The market believes we’ve likely seen “peak tariffs”, or at least between the US and China.
That may or may not be a safe assumption. Donald Trump has unnerved Beijing with his express reluctance to confirm support for an agreement in principle to start rolling back duties as soon as “Phase One” is done, and reports indicate Peter Navarro and other hardliners are fighting tooth and nail to preserve the levies.
But the prospect of Trump disappointing everyone by seeking to push the envelope when Beijing has made it clear (through a surrogate publicly and likely through Liu He privately) that without tariff rollbacks, no interim deal is possible, seems remote, if only because the White House probably doesn’t want to risk shattering the market calm that’s pushed the VIX back below the 2019 average and driven stocks to new record highs.
Part of the reason equities have surged is that the assumed tariff relief will provide an extra fillip to growth data which may already be on the verge of inflecting thanks to the lagged effect of this year’s coordinated global easing push.
If you’re wondering just how much of drag the trade war has already exerted on the US and China, Goldman has updated their analysis, which breaks down the effect into four channels: net trade, real income, financial conditions and trade policy uncertainty. Here are some key points on each (excerpted from Goldman’s longer note):
- US tariffs on Chinese goods have been largely been passed through to US retailers and households while US exporters have significantly lowered their prices.
- The real income effect is much smaller for China than for the US [because] the Chinese retaliatory tariffs have been less than proportional [and] the share of consumer goods is notably lower on the Chinese lists than on the US lists.
- US FCI index would have been about 50bp easier without the trade war. While we find a somewhat larger cumulative trade war tightening effect on our China FCI, the FCI hit to growth is significantly bigger in the US, where the empirical linkage between financial conditions and growth is particularly close.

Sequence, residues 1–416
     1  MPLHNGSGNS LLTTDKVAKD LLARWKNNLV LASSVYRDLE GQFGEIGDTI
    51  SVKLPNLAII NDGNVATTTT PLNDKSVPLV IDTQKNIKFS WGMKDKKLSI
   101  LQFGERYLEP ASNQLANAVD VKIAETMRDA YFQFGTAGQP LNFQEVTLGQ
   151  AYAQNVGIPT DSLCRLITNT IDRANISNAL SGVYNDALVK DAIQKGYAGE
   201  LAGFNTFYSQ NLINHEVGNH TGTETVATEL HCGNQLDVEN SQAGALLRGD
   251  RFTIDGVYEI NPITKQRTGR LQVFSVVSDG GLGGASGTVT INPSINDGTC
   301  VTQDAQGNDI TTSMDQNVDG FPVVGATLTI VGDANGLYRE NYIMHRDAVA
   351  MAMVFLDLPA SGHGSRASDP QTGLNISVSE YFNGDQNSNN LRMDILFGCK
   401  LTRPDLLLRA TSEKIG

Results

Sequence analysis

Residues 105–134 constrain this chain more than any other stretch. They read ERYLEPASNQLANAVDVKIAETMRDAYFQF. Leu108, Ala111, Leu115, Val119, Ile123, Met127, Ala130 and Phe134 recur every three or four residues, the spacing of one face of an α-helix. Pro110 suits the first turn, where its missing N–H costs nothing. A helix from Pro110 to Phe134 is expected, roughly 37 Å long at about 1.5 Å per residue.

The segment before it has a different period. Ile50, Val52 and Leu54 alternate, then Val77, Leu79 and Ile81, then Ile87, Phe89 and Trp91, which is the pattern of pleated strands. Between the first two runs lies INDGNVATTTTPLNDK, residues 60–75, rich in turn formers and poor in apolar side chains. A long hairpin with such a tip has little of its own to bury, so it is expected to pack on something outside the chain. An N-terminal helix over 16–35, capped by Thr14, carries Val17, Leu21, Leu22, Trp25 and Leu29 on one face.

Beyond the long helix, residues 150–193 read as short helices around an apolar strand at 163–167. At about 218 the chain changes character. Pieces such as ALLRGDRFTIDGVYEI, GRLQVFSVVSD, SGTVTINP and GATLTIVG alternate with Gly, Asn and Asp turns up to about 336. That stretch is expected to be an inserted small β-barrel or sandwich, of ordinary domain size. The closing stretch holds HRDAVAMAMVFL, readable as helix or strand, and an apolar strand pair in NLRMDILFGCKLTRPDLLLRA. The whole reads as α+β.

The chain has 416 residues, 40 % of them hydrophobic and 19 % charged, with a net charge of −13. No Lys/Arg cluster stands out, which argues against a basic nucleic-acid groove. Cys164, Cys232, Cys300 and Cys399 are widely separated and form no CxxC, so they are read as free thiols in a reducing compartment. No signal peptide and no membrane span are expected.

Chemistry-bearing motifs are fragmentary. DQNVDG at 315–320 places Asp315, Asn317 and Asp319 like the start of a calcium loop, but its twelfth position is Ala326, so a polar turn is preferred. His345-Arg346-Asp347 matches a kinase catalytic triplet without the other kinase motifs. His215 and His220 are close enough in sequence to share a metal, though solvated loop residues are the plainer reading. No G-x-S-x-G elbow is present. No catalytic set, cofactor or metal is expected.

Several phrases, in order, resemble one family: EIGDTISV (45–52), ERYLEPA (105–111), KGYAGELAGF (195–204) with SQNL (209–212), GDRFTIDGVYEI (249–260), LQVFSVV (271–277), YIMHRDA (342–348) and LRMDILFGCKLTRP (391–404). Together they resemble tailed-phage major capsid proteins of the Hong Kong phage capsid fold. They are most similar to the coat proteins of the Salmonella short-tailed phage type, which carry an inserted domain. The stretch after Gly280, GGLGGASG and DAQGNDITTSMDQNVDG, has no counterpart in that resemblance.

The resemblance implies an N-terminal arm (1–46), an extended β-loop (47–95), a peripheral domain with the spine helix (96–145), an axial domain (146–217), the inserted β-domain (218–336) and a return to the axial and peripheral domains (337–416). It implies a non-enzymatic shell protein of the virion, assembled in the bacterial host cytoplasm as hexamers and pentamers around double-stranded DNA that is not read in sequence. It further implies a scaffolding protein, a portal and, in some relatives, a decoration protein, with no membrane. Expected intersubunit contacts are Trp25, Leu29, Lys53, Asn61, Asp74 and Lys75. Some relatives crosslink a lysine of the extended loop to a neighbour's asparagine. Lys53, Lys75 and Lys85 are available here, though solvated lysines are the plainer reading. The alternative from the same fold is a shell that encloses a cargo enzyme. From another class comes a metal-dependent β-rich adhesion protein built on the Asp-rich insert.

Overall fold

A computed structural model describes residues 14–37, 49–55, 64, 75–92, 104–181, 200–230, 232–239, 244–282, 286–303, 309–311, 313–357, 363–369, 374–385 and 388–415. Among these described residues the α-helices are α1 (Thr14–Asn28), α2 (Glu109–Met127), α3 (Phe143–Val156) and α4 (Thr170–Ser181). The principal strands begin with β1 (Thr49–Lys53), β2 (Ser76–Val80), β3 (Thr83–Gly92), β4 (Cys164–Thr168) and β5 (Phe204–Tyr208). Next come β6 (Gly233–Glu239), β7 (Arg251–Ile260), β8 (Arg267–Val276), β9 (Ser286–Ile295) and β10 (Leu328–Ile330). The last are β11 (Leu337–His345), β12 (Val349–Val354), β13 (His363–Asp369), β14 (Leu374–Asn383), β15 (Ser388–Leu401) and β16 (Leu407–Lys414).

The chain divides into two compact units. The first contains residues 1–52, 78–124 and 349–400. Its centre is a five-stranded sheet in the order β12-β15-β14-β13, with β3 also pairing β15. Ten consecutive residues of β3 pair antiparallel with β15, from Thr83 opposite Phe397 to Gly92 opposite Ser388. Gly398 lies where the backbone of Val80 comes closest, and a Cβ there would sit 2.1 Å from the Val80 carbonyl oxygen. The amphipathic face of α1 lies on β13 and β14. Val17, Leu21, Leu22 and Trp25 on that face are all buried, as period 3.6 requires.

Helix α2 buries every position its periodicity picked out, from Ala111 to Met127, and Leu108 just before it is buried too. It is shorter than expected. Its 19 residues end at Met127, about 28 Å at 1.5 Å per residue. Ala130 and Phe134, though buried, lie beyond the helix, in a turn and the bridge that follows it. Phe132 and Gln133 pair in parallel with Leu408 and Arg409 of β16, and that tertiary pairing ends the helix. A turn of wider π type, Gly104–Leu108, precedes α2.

Note that when the White House complains about things being “too tight” (as Trump says he did during his sit-down with Jerome Powell on Monday), you can thank the trade war for some of that tightness.
Ultimately, the composition differs, but the cumulative hit to GDP for the US and China is similar. The trade war has exerted a 0.5-0.6% drag on the US economy and a 0.7-0.8% on the Chinese.
This simple exercise is another reminder that, very much contrary to the US president’s insistence of having “won” (or being in the process of “winning”) there are no winners in a trade war. Everyone is a loser. And, as ever, you’re encouraged to note that President Xi is not laboring under the same political constraints as Trump when it comes to deploying stimulus.
In any event, Goldman cheerfully (albeit cautiously) says that “barring another round of major escalation, we expect the negative effect of the trade war on both US and China real GDP growth to gradually fade in 2020”.
Fingers crossed. As the adage goes, “only the dead have seen the end of war”.